This week, The Writers' Lens is giving away a talk of deceit and desperation. A story that is shadowy, slapstick, and surreal as it follows one man's "ordeal from the opulence of his Central West End parlor to the dark, grim graveyard in this fantasy novel by award-winning author Marcel Toussaint.
Marcel Toussaint published his first book in the 90’s, Remember Me Young, a collection of poems written over his many years. His poems are also featured in fourteen anthologies, including America at the Millennium. He has read on various radio and TV stations including National Public Radio and the Education channel. In early 2009, Toussaint entered the National Veterans Poetry Awards competition and won gold medals in the categories of Patriotic, Personal Humorous. His poem in the Patriotic category is featured in the National Veterans Poetry Anthology. Toussaint won an award for his two poems entries at the St. Louis Writers Guild Poetry Throwdown at the Focal Point in St. Louis in 2010. He has been a featured poet at the Observable Readings, at the Missouri of Modern Arts Museum, Poetry Per Chance at Washington University to name a few events. A selection of his poems have been published in Korean, in Wilderness January 2011. Toussaint writes in English, French and Spanish and has been translated to Dutch, German, Catalan, Korean. He has read his poetry in Paris at the Club des Poetes and in Valencia, Spain 2008. The poet reads his poetry at various open mikes in the Metropolitan area.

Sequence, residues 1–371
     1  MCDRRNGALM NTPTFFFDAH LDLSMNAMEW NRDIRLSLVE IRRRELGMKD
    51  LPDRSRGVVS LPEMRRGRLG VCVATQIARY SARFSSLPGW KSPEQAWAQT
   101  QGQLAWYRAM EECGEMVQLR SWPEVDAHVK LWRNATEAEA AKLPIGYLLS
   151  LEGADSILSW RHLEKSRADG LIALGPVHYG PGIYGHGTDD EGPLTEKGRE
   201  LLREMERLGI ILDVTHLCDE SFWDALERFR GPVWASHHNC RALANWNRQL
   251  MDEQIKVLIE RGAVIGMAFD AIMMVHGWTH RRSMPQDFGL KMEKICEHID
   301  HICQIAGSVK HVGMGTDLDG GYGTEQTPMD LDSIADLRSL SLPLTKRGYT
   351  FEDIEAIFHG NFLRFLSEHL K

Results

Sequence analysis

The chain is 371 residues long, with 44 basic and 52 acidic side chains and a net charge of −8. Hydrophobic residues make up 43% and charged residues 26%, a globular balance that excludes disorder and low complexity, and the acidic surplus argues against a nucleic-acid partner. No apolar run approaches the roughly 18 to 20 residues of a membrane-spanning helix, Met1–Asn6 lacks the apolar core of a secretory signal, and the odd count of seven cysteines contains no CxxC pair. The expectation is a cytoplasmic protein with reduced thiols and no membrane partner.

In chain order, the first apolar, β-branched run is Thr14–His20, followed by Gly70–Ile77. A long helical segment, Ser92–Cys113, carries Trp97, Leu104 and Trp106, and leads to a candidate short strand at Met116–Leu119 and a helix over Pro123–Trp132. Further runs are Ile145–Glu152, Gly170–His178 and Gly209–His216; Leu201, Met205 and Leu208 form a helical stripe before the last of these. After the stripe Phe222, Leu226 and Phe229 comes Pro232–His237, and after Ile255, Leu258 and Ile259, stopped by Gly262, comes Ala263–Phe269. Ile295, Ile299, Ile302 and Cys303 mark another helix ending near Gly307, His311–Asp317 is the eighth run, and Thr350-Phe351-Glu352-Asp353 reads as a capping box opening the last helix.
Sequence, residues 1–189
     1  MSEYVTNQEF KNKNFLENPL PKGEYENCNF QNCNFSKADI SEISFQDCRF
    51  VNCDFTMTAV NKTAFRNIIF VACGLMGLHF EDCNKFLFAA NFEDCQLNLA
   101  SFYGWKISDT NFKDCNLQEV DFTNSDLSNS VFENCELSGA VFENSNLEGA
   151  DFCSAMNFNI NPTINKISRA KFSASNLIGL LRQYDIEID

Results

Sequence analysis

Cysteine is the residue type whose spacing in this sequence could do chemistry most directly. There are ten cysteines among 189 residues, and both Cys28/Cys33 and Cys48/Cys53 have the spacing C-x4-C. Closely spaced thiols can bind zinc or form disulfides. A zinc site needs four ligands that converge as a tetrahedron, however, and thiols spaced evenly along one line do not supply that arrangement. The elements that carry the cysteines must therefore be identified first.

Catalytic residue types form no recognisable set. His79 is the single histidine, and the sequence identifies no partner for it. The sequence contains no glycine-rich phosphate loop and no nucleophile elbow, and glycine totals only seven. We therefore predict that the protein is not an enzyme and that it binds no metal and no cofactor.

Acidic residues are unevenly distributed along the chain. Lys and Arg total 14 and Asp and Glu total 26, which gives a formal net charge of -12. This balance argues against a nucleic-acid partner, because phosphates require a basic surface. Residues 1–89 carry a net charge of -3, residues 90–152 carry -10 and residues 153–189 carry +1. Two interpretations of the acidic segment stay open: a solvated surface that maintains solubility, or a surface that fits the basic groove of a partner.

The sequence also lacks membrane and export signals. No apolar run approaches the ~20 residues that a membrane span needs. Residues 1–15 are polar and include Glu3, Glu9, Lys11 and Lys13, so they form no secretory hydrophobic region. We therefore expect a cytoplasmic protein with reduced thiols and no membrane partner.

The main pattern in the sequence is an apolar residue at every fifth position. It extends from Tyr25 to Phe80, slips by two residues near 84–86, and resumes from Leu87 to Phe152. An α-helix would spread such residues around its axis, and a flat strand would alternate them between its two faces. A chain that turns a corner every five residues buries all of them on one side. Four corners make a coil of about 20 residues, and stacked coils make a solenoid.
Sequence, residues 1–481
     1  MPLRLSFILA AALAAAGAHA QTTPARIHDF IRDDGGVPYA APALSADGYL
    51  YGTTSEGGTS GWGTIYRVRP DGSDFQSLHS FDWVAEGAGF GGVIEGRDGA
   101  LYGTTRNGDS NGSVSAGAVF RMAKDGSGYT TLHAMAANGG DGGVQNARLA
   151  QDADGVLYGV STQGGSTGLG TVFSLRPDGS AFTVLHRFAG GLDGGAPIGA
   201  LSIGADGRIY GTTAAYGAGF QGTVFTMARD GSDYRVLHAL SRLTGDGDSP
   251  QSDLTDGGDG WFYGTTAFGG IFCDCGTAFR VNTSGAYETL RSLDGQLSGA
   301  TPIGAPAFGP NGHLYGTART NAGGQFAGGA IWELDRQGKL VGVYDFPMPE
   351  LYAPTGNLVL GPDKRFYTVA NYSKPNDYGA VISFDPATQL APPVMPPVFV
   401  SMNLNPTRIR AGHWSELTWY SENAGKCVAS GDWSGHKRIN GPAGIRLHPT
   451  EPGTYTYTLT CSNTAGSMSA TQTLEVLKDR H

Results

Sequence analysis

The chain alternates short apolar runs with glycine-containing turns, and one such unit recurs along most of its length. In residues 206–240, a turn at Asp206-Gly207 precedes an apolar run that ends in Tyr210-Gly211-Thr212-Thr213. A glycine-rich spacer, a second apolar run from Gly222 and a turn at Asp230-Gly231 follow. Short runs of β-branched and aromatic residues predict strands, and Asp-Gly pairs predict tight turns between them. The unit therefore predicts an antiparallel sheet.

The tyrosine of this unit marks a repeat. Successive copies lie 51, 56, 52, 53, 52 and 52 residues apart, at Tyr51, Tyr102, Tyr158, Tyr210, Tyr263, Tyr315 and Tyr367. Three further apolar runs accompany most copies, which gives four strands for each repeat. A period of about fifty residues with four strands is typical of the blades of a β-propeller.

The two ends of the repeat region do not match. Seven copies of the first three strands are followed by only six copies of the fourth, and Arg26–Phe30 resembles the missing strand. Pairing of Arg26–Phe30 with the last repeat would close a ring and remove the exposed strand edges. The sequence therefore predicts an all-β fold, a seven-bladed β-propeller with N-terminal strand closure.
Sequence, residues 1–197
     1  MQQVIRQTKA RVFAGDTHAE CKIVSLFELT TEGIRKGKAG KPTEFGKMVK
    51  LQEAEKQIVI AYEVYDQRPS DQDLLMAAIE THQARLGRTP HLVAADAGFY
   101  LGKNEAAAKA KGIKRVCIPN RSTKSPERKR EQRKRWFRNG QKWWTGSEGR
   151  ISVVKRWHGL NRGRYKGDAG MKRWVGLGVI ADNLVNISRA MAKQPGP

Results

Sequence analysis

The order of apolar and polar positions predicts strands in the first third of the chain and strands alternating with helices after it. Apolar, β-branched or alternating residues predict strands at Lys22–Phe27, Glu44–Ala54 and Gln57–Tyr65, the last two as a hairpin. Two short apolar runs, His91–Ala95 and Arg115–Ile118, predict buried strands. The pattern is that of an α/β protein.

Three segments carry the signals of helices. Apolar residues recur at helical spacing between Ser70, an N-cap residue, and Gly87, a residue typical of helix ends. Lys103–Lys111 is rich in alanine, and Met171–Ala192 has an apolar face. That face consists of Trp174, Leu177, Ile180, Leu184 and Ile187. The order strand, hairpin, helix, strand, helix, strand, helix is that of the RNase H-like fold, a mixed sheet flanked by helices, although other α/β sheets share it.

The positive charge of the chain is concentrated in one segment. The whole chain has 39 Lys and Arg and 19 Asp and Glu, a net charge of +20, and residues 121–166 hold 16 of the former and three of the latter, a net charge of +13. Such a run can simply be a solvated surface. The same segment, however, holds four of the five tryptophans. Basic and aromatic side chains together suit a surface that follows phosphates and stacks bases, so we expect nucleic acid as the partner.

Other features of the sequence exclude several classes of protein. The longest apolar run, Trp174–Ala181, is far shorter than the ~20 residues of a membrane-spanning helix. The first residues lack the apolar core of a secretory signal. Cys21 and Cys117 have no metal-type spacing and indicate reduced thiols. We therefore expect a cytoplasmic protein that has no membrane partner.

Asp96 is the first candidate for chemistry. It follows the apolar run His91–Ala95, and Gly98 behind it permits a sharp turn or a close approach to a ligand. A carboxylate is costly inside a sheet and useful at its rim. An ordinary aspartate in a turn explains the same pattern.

His new novel Terms of Interment, came out October 2011.
Poetry of a Lifetime, was published in 2009.
Marcel Toussaint represented The Saint Louis VA at The National Veterans Creative Arts Nationals in Fayetteville, Arkansas October 2011 and brought back a National Gold Medal Poetry. He was selected to perform his entry in costume on stage and the show was videotaped to be run on PBS in November 2012.
HOW DO YOU WIN A FREE COPY OF TERMS OF INTERMENT? To enter the contest, simply leave a comment or question on the Writers' Lens blog between now (May 21) and midnight May 26, 2012. Please include your email so we can reach you if you win. The more comments you leave, the greater your chance of winning the contest. If you refer others to The Writer's Lens who mention your name in their comments, I'll enter your name again in our random number generator along with theirs, also increasing your chances at winning! The winner will be chosen after midnight on Saturday, May 26, and the announcement made on Sunday, May 27. Good luck and comment often.